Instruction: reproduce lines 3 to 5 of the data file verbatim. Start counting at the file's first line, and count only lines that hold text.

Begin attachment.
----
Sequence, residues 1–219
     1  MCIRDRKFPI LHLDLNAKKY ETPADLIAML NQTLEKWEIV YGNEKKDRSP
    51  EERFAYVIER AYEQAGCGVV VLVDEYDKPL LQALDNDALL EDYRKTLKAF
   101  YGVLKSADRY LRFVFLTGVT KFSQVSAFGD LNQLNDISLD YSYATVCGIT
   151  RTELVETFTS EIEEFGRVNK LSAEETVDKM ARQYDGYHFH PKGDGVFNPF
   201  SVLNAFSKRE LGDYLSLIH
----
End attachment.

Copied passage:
    51  EERFAYVIER AYEQAGCGVV VLVDEYDKPL LQALDNDALL EDYRKTLKAF
   101  YGVLKSADRY LRFVFLTGVT KFSQVSAFGD LNQLNDISLD YSYATVCGIT
   151  RTELVETFTS EIEEFGRVNK LSAEETVDKM ARQYDGYHFH PKGDGVFNPF